Speaking of the field, that’s exactly where I wanted to take the KX2 to test, since that’s clearly where the rig’s designed for use. Note here that this is not a base rig: its size and features lends itself very well to a pack radio–one I wanted to keep packed and at-the-ready!
Prior to receiving the KX2, of course, I did some pack research (those of you who know me know that I’m a bit of a pack geek).
Elecraft was actually selling two models of a LowePro pack that fit the KX2 exactly: the ViewPoint CS 40 and ViewPoint CS 60. Though I searched far and wide, I couldn’t find a pack from some of my favorite manufacturers (such as Spec-Ops Brand, Red Oxx, and Tom Bihn) that has the right amount of padding, exact space and fit for the KX2, as did the CS 40 and CS60. So I purchased the larger CS 60–the larger of the two packs.
My Elecraft KX2 kit then consisted of the following:
The Elecraft KX2, with internal battery and ATU options
All of this–save fishing line, weight, six-foot coax cable and clipboard–were protected by the compact and perfectly portable LowePro ViewPoint CS 60 padded case, and fit it like a glove. I tucked the whole kit quite conveniently into my 20-year-old Dana Design lumbar pack.
The only way to know if the kit was complete, was to take it to the field. Nothing like trial by fire.
NPOTA: National Parks On The Air
My first NPOTA activation with the KX2 field kit was at the Carl Sandburg Home in East Flat Rock, NC.
After hiking about twenty minutes to my trail location and setting up the station, which I found to be a fairly simple process, I realized that the KX2 is so compact that it easily fit on the clipboard I was using to hold my log sheets. Thus, the clipboard instantly became my laptop operating table.
As soon as I sat down in my folding chair, I turned on the KX2, set the frequency to 14,286 kHz, and pressed the ATU button, which gave me a 1:1 match (since the EFT is resonant).
Next, I recorded my CQ call into the KX2’s built-in voice keyer by:
pressing and holding the MSG button,
assigning the voice message to “memory allocation 1” by pressing the PRE (1) button,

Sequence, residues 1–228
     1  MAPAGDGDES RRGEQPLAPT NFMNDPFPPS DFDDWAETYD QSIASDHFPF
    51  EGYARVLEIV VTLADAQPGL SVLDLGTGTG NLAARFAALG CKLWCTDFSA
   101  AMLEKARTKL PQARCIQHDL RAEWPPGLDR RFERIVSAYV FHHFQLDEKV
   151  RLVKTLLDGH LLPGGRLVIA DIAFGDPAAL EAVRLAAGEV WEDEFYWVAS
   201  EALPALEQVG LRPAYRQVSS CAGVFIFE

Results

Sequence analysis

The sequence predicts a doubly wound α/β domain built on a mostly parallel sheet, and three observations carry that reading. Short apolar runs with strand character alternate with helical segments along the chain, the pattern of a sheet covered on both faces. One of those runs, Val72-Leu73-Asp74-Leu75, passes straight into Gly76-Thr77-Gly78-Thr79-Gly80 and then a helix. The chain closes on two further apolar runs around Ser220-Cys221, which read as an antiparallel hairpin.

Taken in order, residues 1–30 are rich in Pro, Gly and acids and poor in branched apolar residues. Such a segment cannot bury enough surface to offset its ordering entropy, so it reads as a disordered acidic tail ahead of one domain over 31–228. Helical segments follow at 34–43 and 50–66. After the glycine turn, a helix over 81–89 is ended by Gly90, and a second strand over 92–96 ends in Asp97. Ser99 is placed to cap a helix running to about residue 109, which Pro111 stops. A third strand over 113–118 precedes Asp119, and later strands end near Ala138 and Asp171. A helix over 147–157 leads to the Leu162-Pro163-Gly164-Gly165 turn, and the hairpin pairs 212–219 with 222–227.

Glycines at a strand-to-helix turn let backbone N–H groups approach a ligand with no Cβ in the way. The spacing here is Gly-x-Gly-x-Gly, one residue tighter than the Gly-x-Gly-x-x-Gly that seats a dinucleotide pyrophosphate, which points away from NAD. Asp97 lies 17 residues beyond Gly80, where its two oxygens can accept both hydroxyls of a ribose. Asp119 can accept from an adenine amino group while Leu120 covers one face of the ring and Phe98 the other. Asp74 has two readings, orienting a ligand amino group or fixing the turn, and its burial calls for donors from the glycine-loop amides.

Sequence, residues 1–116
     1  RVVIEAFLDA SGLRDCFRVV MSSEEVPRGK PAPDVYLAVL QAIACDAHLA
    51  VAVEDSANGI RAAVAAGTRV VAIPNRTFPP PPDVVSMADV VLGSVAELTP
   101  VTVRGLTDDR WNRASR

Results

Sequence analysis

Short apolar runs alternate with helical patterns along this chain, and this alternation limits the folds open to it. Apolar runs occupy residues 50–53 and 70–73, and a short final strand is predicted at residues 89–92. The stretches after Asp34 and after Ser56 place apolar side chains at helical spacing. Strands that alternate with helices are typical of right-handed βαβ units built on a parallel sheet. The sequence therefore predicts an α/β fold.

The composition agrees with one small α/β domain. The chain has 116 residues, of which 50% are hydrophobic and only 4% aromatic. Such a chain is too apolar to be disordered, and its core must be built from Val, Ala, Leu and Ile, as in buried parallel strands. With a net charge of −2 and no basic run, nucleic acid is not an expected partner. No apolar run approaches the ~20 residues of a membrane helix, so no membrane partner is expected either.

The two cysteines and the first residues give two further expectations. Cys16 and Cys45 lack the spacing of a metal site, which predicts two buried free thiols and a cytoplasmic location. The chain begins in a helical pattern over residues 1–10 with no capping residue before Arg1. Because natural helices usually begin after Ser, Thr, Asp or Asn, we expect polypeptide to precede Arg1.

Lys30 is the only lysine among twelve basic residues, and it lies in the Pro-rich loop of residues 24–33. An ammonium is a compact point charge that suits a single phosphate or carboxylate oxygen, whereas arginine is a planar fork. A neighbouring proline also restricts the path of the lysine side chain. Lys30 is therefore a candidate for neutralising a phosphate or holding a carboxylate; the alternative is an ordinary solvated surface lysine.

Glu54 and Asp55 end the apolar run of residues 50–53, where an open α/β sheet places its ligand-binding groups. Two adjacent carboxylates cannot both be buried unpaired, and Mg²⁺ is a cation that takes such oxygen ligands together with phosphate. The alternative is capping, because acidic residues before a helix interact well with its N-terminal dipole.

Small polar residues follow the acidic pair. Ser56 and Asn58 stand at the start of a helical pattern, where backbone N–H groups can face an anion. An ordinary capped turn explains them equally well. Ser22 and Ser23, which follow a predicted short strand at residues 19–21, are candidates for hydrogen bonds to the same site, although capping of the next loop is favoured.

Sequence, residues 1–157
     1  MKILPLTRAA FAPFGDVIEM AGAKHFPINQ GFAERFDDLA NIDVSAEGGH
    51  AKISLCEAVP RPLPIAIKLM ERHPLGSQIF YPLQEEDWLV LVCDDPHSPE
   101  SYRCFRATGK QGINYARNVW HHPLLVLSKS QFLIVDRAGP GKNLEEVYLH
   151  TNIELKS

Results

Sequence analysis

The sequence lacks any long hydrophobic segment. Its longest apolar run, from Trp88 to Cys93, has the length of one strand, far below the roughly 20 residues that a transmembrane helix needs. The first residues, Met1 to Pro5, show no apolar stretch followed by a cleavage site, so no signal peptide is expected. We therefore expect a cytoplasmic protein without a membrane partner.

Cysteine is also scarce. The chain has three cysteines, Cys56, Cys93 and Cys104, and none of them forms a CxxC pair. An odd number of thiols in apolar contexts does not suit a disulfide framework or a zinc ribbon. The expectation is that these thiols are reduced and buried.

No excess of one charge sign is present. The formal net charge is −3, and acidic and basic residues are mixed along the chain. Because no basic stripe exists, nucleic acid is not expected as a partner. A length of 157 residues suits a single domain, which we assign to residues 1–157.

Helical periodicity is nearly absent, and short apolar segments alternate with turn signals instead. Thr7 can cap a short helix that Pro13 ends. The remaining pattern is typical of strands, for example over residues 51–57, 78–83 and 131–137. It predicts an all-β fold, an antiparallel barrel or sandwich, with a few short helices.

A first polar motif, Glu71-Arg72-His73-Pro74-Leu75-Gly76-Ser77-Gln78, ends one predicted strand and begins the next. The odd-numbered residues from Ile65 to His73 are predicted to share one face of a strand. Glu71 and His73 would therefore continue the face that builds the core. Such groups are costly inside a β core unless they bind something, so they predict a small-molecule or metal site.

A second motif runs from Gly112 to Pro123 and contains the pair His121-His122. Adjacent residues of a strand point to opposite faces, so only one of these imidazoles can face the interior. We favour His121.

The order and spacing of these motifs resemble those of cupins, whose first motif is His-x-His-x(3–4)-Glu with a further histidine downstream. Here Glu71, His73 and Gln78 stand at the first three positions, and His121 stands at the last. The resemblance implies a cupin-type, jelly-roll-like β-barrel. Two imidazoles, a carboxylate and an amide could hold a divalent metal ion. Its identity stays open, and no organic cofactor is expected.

pressing XMIT to start the recording,
reading off my CQ call, thus: “CQ, CQ, CQ, this is K4SWL calling CQ for National Parks on the Air…”, and
pressing XMIT again to stop the recording.
Then, I started calling CQ by simply pressing the MSG button and selecting my message stored in memory allocation 1 by pressing and holding the PRE (1) button.
By pressing and holding the PRE (1) button, I initiated a loop-playback of my CQ call where my KX2 would transmit my call from memory. Then I waited a few seconds to listen for any replies, and played it again. (In loop-playback mode, I’d learned that the KX2 will repeat my CQ call until I interrupt it by pressing a button or keying my mic.)
It’s a brilliant and easy function which saves my voice. By automatically calling CQ, it gives me an opportunity to answer questions from curious passersby who were naturally fascinated by a guy sitting on the side of a trail, talking into a little box connected to a tree-branch suspended wire.
In the end, I didn’t even need to use the voice keyer that much. I worked my minimum of ten stations within six minutes! Of course, I continued to call CQ until I worked everyone in the pile-up (including stations from California, Nebraska, Kansas, Texas, and Mexico–thanks, folks!).
Result? Wow. That first field experience at the Carl Sandburg home couldn’t have gone better. And the KX2 had quite a lot to do with that outcome–both in function and form-factor.
Since then, I have taken the KX2 on more than twenty NPOTA field activations, and my compact field kit is making impromptu activations a breeze. Indeed, by the time you read this review, I’m guessing I’ll have added a dozen more NPOTA activations with the KX2 field kit.
[Update: At time of posting this review, I have a total of 54 NPOTA activations–almost forty have been made with the KX2.]
Internal battery option
Activating PK01 (The Appalachian Trail) with the KX2
One of the things that make the KX2 so easy to set up is the fact it can run quite effectively on a high-capacity internal LiPo battery pack.
The KX2’s 10.8V 2600 mAh LiPo battery
On one particular set of activations, while returning from the W4DXCC conference in late September, I activated several sites, including a couple of “two-fer” sites, just during my drive home. I only used the KX2’s built-in battery to power the rig. I was on the air almost three full hours of fairly intense transmitter use (repeating my CQ call through the voice keyer). The KX2 was able to pump out a full 10 watts of power for a little over one hour, then as the voltage dropped, it reduced output to 5 watts.
I feel like this is impressive performance from such a small battery pack. It’s a little pricey (at $84.90 US for both the battery and external charger), but very much worth the cost if you’re splurging for a KX2, anyway.
View of the Elecraft KX2 battery compartment. Note the speaker wires which attach the two halves of the chassis.